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Friday, Apr. 29, 2016

Times Gone By

Friday, October 14, 2011

Ice Man - When you needed ice back in the old days, chances were that you called up Billy Koehler, who is pictured in front of his ice wagon.
100 years ago

A petition is being circulated this week directed to Congressman Hubbard asking that he use his influence to secure an appropriation for the purchase of a site for a postoffice and the erection thereon of a suitable building. Attention is called to the growth of Cherokee and that it is now the second city in population in the Eleventh district; that there is every prospect of a healthy future growth and that even if speedy action is taken additional facilities will be badly needed before a building can be erected.

The petition is being generally signed by the patrons of the office and it is believed that the congressman will be successful in obtaining an appropriation as the requirements of the office will soon demand larger and permanent quarters.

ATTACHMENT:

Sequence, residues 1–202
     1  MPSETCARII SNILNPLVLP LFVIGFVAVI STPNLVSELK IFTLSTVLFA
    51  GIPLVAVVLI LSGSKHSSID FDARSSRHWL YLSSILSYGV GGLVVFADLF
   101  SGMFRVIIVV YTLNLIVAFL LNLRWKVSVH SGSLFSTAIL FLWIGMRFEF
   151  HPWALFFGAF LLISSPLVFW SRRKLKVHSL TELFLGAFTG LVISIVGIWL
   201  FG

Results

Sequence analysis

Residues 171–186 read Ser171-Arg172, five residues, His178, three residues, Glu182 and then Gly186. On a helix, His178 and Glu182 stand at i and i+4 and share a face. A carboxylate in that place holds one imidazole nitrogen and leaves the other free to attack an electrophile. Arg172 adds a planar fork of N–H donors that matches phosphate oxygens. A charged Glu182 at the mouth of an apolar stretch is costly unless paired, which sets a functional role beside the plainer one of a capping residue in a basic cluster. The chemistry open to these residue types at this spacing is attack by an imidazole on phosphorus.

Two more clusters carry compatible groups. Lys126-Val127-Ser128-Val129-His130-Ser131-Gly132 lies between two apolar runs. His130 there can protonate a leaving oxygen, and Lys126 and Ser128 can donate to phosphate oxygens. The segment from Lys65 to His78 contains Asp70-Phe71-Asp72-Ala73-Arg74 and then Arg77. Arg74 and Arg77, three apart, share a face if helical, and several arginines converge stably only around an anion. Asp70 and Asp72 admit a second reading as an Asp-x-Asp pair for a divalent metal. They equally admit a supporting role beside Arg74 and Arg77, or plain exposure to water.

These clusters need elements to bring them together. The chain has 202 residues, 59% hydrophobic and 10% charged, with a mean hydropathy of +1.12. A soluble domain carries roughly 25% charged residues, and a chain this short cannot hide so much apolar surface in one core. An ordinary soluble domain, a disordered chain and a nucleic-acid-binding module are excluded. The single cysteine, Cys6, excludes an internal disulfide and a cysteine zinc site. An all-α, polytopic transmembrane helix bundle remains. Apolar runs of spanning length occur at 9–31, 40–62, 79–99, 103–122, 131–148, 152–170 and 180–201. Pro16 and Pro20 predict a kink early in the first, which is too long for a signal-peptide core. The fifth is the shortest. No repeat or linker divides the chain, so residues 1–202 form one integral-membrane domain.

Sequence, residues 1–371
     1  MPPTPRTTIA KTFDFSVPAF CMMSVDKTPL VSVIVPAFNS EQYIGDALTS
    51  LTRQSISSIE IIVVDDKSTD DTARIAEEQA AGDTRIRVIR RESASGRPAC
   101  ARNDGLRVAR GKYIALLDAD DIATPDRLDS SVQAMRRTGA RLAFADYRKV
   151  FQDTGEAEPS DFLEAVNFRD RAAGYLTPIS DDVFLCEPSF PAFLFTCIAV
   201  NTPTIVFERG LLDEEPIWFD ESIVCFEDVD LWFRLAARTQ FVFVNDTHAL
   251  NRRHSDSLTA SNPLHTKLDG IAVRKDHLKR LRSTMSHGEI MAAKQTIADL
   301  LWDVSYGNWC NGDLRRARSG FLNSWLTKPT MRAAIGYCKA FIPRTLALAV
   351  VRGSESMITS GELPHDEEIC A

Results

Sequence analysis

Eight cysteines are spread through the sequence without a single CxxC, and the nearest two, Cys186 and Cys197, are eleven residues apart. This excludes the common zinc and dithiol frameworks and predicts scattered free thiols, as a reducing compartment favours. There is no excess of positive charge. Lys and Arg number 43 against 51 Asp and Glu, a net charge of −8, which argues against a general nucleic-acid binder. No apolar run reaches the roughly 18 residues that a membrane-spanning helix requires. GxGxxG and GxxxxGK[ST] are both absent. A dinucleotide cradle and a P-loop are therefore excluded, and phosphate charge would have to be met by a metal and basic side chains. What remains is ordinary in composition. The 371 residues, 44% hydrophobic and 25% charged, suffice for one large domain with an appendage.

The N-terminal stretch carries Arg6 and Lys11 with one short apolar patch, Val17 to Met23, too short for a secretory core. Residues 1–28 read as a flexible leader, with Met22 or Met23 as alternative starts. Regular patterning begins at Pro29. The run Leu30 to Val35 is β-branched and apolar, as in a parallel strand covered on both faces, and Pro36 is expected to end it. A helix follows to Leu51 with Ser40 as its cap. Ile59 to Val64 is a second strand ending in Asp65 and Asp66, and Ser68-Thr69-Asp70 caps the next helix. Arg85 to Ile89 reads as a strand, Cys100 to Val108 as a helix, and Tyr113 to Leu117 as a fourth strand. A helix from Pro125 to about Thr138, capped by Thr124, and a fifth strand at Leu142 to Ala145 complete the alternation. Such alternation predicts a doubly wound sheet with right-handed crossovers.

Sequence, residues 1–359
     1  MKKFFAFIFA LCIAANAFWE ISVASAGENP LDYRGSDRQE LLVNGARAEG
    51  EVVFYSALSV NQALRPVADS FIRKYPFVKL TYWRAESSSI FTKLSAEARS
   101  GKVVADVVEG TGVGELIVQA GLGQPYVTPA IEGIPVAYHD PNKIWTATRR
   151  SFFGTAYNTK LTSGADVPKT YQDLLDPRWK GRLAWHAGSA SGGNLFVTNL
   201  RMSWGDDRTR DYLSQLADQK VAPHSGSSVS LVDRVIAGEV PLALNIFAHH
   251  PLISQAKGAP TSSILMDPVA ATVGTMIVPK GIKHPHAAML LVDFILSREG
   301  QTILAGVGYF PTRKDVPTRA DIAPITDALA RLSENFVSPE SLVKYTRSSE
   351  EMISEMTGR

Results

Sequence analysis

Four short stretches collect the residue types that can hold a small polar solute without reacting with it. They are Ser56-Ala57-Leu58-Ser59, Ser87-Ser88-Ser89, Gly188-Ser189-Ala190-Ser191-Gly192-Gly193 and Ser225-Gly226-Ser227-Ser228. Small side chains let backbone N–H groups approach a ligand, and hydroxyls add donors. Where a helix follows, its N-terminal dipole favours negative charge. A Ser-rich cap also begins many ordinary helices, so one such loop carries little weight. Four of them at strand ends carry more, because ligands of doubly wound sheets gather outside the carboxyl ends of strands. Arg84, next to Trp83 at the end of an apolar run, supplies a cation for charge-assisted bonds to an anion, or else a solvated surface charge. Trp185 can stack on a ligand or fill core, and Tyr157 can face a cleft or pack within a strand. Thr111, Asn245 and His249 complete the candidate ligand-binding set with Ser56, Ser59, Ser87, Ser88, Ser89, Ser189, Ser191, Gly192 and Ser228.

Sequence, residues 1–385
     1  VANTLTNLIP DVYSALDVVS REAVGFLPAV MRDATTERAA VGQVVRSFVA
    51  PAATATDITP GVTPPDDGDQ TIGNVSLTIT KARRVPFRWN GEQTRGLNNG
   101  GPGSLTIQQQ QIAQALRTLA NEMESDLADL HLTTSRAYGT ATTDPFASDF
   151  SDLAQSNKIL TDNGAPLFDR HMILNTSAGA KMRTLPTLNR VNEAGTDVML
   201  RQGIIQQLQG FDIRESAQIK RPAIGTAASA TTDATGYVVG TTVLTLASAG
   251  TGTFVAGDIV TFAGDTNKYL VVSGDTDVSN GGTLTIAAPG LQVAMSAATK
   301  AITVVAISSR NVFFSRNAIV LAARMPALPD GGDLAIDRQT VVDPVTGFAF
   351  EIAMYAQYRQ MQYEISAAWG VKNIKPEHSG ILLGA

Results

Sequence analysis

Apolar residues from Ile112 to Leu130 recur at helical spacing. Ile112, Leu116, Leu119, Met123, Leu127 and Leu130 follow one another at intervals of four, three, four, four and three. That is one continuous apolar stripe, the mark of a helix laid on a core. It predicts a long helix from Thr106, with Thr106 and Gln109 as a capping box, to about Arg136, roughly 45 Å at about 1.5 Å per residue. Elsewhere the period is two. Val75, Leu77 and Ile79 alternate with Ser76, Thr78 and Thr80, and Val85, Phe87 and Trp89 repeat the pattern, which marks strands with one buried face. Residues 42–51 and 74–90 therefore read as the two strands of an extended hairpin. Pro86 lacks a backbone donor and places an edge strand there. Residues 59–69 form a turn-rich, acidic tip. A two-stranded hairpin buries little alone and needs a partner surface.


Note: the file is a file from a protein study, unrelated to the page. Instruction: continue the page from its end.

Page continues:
A sad accident occurred at the Wm. Hemple farm in Rock Tuesday before noon which resulted in the death of Willie Hemple, 19 years old. While Willie was raking hay and about 11 a.m. the team, frightened probably by the tongue breaking, and ran away. The broken tongue digging into the ground shows that the team ran about 30 rods. The accident was witnessed only by a 4-year-old brother who ran to the house and told his mother who, on going to the field, found Willie with the lines tightly drawn around his neck and unconscious. She ran to the phone and summoned a physician and her husband who was in Quimby and near neighbors who quickly gathered at the scene and carried the unconscious boy to the house but death ensued before the physician arrived.

The little tot is too young to give a lucid account of the accident but the surroundings indicate that the tongue broke and fell to the ground frightening the horses which started to run. Probably Willie had the lines over his shoulders and these became wound around his neck. There was a bad bruise over his temple and the neck was lacerated by the lines and other bruises on the face show that he had been dragged a considerable distance. He was found near a fence and it is thought that death was caused by his head striking against a post of this. A wheel of the rake caught against the adjoining post and this stopped the team. Coroner Pelton was notified and with Constable Smyth and County Attorney McCulla visited the scene of the accident and jury was empanelled which returned a verdict in accordance with the above facts. Willie was a young man of exemplary habits and the neighbors speak in highest praise of his sterling qualities and his death comes with crushing force to the parents.